For more than 250 years, Whig-Clio has embraced controversy and dialogue, because that’s what the Halls are all about: open debate, vital discourse, and even occasionally rancorous exchange of ideas. These traditions have endured near-pitched battles over hosting Alger Hiss and Adm. Thomas Moorer. More recently Whig-Clio hosted Danish cartoonist Kurt Westergaard, whose version of a bomb-equipped Muhammad actually triggered riots against Denmark in parts of the Muslim world.
Apparently this era of free expression at Whig-Clio is over. According to the Nov. 19 Princetonian, in withdrawing his invitation to host Nonie Darwish, an outspoken critic of Shariah and an ex-Muslim, Whig-Clio president Ben Weisman passed the buck to Tigers for Israel (TFI), saying he understood TFI “deemed her views a legitimate element of the mainstream discourse and in part agreed with her incendiary opinions. By rescinding their offer, TFI indicated their understanding that Darwish’s views have no place in the campus community.” [See In Brief in this issue, page 21.]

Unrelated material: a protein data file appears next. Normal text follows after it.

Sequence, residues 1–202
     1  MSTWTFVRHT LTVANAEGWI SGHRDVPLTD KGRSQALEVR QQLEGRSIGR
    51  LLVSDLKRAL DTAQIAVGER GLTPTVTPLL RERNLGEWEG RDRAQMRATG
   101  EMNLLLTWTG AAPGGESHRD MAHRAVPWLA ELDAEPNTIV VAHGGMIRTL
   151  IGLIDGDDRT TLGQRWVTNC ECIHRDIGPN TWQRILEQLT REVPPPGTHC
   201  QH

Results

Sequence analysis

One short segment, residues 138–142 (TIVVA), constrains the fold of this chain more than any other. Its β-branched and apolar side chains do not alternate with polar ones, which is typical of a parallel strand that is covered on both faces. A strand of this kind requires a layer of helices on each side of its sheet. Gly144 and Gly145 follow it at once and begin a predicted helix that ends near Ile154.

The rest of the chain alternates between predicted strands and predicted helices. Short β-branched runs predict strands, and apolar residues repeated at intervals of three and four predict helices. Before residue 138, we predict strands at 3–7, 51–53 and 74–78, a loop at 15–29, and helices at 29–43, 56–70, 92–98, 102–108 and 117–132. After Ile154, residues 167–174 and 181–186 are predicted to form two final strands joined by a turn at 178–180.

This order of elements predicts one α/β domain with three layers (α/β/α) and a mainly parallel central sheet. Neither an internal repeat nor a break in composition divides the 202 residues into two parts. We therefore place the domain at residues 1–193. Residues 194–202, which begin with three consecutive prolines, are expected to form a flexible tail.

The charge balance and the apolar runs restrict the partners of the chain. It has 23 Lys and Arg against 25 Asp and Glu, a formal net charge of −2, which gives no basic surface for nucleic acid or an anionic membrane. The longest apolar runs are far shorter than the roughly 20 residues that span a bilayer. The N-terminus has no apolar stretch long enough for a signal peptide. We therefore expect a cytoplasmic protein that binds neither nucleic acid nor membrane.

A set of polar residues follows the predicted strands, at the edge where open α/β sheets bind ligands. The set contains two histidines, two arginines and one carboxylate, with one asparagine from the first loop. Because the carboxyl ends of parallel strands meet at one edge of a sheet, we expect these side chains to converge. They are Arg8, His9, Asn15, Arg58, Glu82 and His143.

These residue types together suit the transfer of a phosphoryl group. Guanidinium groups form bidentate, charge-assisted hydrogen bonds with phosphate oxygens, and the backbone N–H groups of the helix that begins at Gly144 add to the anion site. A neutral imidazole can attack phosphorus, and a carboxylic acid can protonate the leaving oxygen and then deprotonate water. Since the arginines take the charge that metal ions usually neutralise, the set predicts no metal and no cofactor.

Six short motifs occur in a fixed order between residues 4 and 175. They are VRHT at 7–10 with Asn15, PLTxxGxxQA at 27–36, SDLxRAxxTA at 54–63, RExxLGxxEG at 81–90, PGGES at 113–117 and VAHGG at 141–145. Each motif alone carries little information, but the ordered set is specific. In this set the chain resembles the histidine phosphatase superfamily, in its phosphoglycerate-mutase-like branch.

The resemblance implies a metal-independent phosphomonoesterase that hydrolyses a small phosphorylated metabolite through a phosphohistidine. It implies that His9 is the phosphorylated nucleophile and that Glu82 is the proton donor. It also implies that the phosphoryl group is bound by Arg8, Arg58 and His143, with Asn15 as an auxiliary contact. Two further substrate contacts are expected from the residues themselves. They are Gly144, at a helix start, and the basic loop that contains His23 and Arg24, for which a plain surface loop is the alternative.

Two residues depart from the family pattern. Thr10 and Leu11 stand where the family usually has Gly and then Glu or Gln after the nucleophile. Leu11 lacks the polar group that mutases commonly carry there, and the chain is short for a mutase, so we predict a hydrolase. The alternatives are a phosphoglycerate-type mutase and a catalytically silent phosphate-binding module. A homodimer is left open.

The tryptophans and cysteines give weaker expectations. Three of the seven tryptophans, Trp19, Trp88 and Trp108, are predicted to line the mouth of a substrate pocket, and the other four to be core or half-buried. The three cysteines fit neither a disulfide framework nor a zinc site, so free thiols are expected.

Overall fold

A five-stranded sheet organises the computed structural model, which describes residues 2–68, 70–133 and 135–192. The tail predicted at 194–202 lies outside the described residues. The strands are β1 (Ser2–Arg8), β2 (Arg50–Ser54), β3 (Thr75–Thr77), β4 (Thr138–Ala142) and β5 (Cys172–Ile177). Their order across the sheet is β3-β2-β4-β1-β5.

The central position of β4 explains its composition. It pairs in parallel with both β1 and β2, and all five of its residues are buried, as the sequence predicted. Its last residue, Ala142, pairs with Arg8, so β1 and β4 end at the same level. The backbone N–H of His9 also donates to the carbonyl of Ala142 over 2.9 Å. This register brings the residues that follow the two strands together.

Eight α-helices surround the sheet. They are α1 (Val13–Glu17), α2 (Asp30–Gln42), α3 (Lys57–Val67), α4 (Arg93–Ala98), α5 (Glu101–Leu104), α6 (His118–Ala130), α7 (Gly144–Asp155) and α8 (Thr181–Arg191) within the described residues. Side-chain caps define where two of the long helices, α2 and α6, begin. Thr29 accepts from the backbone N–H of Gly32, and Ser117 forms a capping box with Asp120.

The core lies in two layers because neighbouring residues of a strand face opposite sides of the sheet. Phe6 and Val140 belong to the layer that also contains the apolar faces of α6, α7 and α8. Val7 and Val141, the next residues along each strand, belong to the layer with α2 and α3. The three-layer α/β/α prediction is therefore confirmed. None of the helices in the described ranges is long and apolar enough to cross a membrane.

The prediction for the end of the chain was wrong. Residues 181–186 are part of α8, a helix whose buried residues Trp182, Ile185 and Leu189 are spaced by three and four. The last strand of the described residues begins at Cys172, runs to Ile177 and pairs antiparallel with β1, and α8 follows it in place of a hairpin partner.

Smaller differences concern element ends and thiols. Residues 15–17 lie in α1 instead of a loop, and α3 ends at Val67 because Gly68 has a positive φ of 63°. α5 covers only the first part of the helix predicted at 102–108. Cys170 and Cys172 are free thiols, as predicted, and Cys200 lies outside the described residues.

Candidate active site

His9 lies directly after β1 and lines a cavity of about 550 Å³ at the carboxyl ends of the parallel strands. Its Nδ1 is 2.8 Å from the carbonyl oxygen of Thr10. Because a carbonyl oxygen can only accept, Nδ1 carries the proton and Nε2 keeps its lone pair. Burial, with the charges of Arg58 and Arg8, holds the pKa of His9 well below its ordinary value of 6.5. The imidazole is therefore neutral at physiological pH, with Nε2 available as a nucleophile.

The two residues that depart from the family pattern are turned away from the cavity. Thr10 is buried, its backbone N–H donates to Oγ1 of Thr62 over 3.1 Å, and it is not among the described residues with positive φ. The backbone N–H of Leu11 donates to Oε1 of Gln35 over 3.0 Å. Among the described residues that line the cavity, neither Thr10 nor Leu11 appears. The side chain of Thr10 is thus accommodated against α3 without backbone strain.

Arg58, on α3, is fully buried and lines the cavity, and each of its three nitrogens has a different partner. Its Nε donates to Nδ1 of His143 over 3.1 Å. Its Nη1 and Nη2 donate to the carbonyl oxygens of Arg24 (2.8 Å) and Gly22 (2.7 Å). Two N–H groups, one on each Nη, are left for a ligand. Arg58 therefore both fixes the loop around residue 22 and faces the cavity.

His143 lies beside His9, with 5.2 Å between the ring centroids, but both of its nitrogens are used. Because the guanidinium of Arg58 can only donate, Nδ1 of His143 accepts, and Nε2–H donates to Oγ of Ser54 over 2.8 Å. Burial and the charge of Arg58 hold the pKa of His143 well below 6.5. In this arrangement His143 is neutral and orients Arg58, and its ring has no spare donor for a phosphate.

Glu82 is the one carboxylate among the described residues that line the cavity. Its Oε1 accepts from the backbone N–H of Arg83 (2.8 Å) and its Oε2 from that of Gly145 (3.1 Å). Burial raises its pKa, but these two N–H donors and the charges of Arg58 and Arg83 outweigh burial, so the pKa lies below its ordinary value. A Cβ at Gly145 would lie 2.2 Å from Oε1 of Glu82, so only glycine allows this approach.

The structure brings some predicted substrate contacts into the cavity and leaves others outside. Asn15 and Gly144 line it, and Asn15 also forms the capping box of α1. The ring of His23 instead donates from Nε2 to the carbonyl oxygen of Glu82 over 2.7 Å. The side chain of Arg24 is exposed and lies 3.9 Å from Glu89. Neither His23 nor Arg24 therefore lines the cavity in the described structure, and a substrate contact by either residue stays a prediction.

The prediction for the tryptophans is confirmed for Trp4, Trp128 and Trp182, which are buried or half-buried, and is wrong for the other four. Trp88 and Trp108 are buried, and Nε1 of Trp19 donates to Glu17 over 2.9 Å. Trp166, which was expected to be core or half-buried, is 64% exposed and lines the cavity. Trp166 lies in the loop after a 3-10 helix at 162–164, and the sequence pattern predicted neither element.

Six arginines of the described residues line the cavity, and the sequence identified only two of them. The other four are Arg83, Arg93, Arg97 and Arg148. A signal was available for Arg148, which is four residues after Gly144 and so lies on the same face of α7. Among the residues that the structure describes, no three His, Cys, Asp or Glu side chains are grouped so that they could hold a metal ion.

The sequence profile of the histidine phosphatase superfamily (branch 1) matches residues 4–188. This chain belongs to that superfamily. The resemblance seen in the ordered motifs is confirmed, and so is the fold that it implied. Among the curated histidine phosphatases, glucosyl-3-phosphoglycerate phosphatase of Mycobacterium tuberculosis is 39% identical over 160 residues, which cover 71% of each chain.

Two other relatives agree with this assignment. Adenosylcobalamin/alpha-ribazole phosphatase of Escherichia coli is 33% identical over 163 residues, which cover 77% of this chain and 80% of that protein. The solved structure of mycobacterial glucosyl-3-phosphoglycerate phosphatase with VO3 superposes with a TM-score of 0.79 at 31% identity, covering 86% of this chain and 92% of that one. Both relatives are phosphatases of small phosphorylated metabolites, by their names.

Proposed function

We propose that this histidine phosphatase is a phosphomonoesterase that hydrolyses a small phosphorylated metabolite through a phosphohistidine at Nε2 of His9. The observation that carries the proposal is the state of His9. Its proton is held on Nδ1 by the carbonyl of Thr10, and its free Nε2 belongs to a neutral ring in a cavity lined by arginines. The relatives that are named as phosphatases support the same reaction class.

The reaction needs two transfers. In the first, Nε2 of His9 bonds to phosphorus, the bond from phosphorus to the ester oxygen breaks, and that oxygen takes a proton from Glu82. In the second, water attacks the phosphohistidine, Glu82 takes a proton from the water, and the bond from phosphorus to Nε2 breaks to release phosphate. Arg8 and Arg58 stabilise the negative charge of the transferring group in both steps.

Let’s see: “Incendiary” views are OK if someone agrees with them, but if no one else does, Whig-Clio won’t stick its neck out. That “reasoning” would have ruled out Hiss, Moorer, and Westergaard, for sure. Yet Mr. Weisman just hosted Mr. Westergaard and bragged about sponsoring a “dialogue about freedom of speech.”
Now, apparently, we need monologue, and a monologue delivered by Sohaib Sultan, campus Muslim-life coordinator, who weighed in heavily against allowing Darwish a forum. Interestingly, Mr. Sultan has succeeded in shutting down presentation of an alternative, if highly charged, vision of Islam — in contrast to his own Koran for Dummies vision, a very much softer and gentler view.
Both perspectives need to be heard. Intimidation and cowardice have made that impossible at Princeton, for now. If Whig-Clio expects to be taken seriously again, this needs to be fixed, and soon.